Safer injecting for steroid users
If you’re injecting steroids, these tips will help you stay safe and healthy.
If you are under 21
It’s important not to inject steroids as it can harm your growth and development. Focus on diet and training instead.
Before you inject
- Check the contents of the vial or amp before you draw up – the steroids you buy may look legit but most of them are fake. They’re often not what they say on the label. If you see bits in the fluid and it’s meant to be clear, for example, do not use it.
- Know your dose – use smaller test doses until you get to the right dose for you.
- Rotate which muscles you inject into – ideally don’t inject into the same muscle more than once every two weeks. This gives your body time to heal between injections. Never inject into skin that is an odd colour, broken, irritated or lumpy.
- Avoid injecting steroids into smaller muscles – bear in mind that steroids work on your whole body, not just the area you're injecting into. Injecting into smaller muscles also increases your risk of problems like nerve damage.
Always use the right needle and the right barrel
- Use a new, sterile needle every time – this reduces your risk of injuries or infections.
- Never share needles, vials or amps – doing this increases your risk of blood-borne viruses like hepatitis C and HIV. You can get as many needles and barrels as you need for your cycle free from your local needle exchange.
- Always use the thinnest, shortest needle you can – for injecting steroids, you need to use a green needle to draw up then swap it for a blue needle to inject. A blue needle is long enough to get the fluid into your muscle without hitting a bone.
- Use a 2ml barrel – if you use bigger barrels you may draw up too much liquid. Injecting too much liquid can cause problems like scarring and abscesses (a pus-filled lump under your skin).
Make sure you’re injecting in the right place
The best places to inject are your buttock, thigh and shoulder muscles.
It’s easier to inject into these bigger muscles but you still need to be careful to avoid any blood vessels or nerves.
Buttock – Your buttock is the safest place to inject. If you imagine that your buttock is divided into four, you need to inject into the upper, outer quarter (see diagram). This is so you don’t hit the sciatic nerve, which runs down the centre of your buttock.
Thigh – Your thigh is the next safest area to inject after your buttock. You need to inject into your outer thigh, half way between your knee and the top of your leg.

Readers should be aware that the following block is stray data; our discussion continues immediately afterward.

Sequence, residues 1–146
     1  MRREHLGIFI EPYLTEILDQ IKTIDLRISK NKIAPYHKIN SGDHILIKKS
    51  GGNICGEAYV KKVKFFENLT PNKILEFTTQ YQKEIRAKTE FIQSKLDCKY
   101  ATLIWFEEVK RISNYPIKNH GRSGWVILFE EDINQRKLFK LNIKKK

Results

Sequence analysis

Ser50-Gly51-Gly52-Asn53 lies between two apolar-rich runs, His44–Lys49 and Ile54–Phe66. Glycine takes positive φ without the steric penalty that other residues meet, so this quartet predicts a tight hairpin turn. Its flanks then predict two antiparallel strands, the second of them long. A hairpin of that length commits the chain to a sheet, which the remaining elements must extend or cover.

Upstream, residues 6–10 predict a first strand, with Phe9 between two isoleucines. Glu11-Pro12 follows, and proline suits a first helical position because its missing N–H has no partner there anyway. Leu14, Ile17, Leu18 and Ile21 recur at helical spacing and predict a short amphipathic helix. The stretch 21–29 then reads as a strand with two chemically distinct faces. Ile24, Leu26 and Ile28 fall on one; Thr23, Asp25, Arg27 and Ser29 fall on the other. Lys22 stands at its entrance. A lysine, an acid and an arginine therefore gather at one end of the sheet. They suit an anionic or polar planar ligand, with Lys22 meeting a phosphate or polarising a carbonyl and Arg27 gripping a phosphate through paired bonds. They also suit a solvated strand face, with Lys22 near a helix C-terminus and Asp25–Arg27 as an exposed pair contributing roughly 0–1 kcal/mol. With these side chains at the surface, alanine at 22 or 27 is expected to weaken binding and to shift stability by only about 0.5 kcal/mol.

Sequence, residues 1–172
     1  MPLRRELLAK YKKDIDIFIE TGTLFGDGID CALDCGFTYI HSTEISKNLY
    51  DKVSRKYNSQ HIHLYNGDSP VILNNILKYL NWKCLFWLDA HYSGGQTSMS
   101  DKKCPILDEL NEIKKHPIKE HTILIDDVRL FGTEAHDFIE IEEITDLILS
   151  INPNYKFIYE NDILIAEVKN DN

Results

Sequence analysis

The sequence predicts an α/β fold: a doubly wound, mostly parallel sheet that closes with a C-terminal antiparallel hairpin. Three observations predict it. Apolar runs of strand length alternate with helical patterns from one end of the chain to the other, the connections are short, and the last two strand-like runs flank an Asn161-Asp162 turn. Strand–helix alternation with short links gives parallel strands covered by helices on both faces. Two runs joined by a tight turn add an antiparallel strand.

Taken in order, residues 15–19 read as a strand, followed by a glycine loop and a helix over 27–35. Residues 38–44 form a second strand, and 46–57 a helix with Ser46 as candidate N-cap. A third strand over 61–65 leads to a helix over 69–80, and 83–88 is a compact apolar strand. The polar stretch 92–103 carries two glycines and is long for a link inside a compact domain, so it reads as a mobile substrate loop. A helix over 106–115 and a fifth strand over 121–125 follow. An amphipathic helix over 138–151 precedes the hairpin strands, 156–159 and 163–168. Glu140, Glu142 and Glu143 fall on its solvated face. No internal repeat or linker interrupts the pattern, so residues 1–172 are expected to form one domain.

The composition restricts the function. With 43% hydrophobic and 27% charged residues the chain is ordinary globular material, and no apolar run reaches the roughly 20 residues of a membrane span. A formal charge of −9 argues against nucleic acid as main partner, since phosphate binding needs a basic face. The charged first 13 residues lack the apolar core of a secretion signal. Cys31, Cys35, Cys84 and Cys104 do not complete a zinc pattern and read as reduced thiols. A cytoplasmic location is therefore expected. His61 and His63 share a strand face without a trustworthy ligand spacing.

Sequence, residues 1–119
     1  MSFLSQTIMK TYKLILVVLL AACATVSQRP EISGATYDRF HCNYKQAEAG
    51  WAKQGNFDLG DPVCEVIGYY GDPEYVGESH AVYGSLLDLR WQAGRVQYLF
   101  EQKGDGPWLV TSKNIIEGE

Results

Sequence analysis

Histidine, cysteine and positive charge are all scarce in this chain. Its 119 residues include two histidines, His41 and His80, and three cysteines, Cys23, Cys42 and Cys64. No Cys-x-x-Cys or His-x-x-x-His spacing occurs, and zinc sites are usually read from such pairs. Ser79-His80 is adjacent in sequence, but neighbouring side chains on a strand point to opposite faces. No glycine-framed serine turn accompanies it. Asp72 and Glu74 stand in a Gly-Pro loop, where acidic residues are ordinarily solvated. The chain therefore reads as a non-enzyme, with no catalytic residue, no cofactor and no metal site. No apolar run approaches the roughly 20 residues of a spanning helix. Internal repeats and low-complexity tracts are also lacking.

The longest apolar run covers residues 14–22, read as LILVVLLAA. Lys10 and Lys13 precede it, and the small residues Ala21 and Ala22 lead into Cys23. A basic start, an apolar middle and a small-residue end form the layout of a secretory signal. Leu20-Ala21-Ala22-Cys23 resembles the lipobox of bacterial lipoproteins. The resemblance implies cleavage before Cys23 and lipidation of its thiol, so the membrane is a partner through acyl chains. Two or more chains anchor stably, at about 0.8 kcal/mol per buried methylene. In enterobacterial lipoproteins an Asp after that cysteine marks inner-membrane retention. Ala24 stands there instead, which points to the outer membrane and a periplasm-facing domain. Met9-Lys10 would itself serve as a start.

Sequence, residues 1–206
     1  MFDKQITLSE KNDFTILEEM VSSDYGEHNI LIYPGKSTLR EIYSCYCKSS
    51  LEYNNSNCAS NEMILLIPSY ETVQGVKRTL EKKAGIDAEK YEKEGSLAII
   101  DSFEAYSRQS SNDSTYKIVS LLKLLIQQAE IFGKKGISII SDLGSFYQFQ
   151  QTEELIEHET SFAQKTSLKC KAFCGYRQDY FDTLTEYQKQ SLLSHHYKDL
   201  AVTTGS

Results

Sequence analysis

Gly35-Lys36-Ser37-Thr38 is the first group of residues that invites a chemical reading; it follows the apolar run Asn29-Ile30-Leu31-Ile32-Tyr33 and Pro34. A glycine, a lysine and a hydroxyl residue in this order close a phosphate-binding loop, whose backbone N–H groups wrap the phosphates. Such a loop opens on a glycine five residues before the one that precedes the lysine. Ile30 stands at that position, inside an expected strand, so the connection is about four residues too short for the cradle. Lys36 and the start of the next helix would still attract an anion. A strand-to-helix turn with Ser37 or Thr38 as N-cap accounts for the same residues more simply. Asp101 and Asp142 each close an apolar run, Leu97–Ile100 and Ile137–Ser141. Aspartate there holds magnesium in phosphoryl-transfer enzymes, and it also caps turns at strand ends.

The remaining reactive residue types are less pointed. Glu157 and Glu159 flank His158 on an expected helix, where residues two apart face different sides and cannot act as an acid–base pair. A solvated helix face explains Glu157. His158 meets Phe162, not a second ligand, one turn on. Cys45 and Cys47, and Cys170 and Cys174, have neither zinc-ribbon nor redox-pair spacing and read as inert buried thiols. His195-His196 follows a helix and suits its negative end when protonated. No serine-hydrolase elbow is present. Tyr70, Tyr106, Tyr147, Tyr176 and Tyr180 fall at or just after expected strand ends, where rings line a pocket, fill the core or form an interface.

Shoulder – Injecting into your shoulder carries more risk because the muscle is smaller. Make sure you inject into the outer part of the shoulder.
Visit your local needle exchange
Needles exchanges are free services where steroid users are welcome.
They’re completely confidential. Staff won’t tell anyone that you’ve been there, including your work or GP.
As well as new needles, barrels, swabs and bins, needle exchange staff can help with:
- safer injecting advice
- advice on sore or infected injecting sites
- testing for hepatitis C and HIV
- hepatitis B vaccinations
- free condoms and sexual health advice
- disposal bins
Clean your injecting site properly
Cleaning your injecting site correctly helps to prevent infections.
- Always wash your hands with soap and water before you inject.
- Clean the injection site with a single wipe of a swab. Scrubbing at your skin with the swab will just spread bacteria around.
- Allow your skin about a minute to dry before you inject.
- If you’re using a multi-dose vial, use a swab to wipe the top of the vial before you draw up.
How to inject safely
- Insert the needle at 90 degrees to your body.
- You don’t need to push it in all the way – you should still be able to see a bit of the needle.
- Draw the plunger back slightly to check you haven’t hit a vein or artery. If you have you’ll see blood in the barrel. If this happens remove the needle and apply pressure with a clean tissue or cloth.
- Only inject up to 2ml of fluid into each site – if you inject more it will just sit in your muscle, raising your risk of infection.
- Inject slowly – 10 seconds per 1ml is about right.
- Remove the needle carefully and apply pressure with a clean tissue or cloth.
- Use a proper sharps bin to dispose of needles. You can get these free from needle exchanges.
When to get medical help
See your GP if you have:
- any redness, pain, warmth, swelling or blistering at your injection site, or you get a fever – you could have an infection or abscess
- a feeling like an electric shock when you inject, or any ongoing numbness or tingling – these are signs of nerve damage
After your cycle
For every 6-12 week cycle you do it’s recommended you have 6-12 weeks off to let your body recover.
Your natural testosterone production usually stops a few weeks into a cycle.
Some people take post-cycle therapy (PCT) drugs to help kickstart their natural testosterone again. But this isn’t always needed – your testosterone levels should gradually recover on their own.
In some cases, testosterone levels don’t return to normal. If you have signs of steroid crash that aren’t improving, such as lack of sex drive, difficulty getting an erection or enlarged breasts, see your GP.